Turning My Vision Into Reality
Today, I stand to speak for myself, thanks to World pulse. Now I am educated and have the hope of speaking and intervening for the girl-child who doesn’t have the chance or hope. My life vision is to see the girl-child having access to quality education and other basic rights in the nearest future. Championing this cause has always been what I wanted to do even at a very young age but then I do not know how to go about it except talking to and advising young girls I had contact with who were denied quality education that they can still make something out of their lives.
As stated by Dr. J. E. Kwegyir, a visionary Ghanian educator (1875 – 1927), “The surest way to keep people down is to educate the men and neglect the women. If you educate a man, you simply educate an individual, but if you educate a woman, you educate a family”
It has been confirmed that statistics of students dropping out of school in Nigeria is higher in 2010. Outside Nigeria, according to a London based Minority Rights Group International (MRG), about 50 to 70% of the world’s 101 million children out of school are from minorities or indigenous peoples. In a report titled “the state of the world’s minorities and indigenous peoples 2009”, it was stated that, in developing countries such as India, Bangladesh, Ethiopia, Kenya, Nigeria and Pakistan which have the largest numbers of school dropouts, the disparity is maximum as minority and indigenous populations enjoy far less access to schooling than the majority groups. This and many more facts point to the facts that even though the government has a lot of role to play in this regard by making sure that access to basic and quality education should be one of their priorities, several individuals can also make a change. When we have several drops of water, it can turn into an ocean.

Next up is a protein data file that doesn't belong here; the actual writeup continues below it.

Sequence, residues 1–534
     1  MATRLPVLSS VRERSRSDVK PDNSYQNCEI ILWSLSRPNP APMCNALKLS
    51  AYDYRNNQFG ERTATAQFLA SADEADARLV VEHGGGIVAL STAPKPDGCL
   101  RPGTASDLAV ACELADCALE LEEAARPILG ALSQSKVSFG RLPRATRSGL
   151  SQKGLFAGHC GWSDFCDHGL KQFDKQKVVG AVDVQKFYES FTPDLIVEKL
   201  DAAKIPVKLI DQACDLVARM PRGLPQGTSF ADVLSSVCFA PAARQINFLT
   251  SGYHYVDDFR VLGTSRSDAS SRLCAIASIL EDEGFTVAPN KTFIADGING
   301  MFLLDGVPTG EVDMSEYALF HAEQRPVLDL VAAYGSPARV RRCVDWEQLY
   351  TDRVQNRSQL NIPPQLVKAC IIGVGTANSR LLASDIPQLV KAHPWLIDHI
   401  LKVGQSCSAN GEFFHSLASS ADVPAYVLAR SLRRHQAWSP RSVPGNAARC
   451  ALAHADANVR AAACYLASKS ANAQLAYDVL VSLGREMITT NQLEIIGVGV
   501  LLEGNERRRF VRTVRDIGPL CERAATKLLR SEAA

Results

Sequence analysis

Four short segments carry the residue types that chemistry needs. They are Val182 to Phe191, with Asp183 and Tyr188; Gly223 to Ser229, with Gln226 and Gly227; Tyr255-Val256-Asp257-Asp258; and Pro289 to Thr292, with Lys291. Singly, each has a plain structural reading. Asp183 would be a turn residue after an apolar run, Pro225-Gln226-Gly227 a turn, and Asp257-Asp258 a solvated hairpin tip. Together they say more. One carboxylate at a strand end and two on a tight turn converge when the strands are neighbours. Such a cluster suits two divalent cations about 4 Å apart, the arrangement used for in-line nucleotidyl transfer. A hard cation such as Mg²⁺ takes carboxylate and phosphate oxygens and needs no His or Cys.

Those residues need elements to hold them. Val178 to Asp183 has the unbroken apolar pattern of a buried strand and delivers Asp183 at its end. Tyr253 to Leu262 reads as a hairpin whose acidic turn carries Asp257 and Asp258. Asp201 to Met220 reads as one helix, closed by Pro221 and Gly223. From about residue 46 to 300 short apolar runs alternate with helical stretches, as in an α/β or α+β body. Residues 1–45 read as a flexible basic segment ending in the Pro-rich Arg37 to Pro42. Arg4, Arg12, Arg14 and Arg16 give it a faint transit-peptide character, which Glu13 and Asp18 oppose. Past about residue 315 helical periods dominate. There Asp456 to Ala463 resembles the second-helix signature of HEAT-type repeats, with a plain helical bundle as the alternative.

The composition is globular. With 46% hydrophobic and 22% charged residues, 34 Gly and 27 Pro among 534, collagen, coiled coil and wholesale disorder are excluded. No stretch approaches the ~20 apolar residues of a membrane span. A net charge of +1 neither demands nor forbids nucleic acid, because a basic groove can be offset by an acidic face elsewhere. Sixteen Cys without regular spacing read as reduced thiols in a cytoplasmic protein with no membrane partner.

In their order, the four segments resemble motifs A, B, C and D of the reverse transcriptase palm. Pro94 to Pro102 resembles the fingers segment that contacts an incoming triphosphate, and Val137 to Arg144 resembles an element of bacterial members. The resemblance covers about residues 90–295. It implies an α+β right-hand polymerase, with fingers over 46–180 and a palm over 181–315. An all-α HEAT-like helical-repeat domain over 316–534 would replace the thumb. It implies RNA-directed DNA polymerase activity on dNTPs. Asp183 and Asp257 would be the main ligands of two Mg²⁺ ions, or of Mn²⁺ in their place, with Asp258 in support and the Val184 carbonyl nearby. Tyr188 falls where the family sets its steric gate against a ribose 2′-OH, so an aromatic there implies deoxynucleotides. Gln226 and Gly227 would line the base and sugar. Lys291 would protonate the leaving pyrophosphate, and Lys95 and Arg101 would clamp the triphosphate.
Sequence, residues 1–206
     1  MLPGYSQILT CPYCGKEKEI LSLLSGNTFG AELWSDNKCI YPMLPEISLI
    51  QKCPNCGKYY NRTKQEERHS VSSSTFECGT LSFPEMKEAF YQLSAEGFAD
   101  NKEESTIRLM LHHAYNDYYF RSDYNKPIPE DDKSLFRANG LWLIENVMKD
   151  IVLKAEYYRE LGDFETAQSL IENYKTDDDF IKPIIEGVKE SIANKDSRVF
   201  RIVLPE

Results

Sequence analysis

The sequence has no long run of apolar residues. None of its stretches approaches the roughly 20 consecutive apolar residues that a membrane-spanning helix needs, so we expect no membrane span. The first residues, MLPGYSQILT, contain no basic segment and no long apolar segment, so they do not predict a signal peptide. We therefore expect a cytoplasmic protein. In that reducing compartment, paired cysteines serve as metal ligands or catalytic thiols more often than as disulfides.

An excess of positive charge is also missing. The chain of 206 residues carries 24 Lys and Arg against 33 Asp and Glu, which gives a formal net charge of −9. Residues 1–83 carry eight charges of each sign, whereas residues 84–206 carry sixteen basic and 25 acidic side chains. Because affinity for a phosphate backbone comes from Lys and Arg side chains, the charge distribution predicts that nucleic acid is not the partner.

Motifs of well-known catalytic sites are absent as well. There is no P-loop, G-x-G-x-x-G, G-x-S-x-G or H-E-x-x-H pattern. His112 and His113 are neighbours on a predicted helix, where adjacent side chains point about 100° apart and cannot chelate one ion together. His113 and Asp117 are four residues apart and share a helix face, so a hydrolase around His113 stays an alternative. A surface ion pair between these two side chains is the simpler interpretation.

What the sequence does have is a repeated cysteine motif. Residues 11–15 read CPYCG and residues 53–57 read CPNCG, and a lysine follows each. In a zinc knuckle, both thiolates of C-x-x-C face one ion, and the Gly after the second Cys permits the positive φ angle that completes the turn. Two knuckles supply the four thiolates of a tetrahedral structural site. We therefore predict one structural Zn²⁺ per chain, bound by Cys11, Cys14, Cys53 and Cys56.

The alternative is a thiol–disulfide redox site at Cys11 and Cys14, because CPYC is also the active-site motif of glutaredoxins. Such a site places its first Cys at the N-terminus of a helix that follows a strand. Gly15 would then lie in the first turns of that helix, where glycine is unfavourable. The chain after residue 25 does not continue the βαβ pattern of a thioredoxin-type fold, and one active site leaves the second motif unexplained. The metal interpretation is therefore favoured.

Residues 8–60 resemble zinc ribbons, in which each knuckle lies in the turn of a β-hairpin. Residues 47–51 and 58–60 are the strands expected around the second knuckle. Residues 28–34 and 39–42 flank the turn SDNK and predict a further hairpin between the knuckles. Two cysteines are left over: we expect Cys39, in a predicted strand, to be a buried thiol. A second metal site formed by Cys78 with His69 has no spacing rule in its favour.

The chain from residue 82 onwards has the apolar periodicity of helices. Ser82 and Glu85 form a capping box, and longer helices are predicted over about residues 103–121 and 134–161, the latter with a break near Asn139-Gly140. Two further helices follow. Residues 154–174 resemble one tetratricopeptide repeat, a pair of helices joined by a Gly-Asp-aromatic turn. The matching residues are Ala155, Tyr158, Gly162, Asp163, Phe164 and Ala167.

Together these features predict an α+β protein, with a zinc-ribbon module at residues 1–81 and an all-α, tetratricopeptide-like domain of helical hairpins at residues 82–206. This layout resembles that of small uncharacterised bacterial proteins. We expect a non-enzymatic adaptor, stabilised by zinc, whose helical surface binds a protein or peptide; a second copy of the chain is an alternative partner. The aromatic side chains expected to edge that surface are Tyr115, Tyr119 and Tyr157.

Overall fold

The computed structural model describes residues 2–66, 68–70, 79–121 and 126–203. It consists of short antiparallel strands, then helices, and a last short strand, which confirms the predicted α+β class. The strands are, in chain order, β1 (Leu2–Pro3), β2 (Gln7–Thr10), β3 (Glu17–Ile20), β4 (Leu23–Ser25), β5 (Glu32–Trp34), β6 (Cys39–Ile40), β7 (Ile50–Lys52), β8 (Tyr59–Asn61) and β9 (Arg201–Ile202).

In Adamawa state for example, (northern part of Nigeria), child marriage is still very rampant. A lot of young girls do not go to school or had to stop their education when they are given out in marriage at a tender age not considering the fact that they are young and their reproductive organs are not matured enough for them to be a mother. In May 2010, BAOBAB for Women’s Human Rights in collaboration with Women’s Learning Partnership for Rights, development and peace organized a leadership training to equip young girls between the ages of 13-18 with leadership skills that would allow them to be able to advocate for their rights and were encourage to share what they’ve learnt with their friends. The participants were interviewed three months after the program and one of them said:
“My friend is very young but her parents want her married. She has been taught it is the culture, and told that she must obey her parents though she is unhappy about it, there is no where to run to, even her education is at stake because she doesn’t know what to expect after marriage, however, I encouraged her not to give up on her studies”-Maimuna Hassan http://baobabwomen.blogspot.com/
Government, non governmental sector, communities and individuals like me must strive to make commitments towards making gender equality a reality not only in education but having full and equal access to other rights
World pulse has shown to be a great platform for change. It has provided a problem solving avenue where I can raise my voice on burning issues affecting women and the girl-child, an avenue where I can collaborate with like minded people and be engaged to make a change. I want to be one of the voices of our correspondent because world pulse has really opened my eyes to how I can make a difference in the world and making use of web 2.0 to achieve lot of goals, with the little Information Technology (IT) knowledge I possess and my flair for writing which I’m improving on. With world pulse, I can create my own women’s support group struggling for the same cause. Just like BAOBAB’s slogan, You can’t change the past, but you can try to change the future.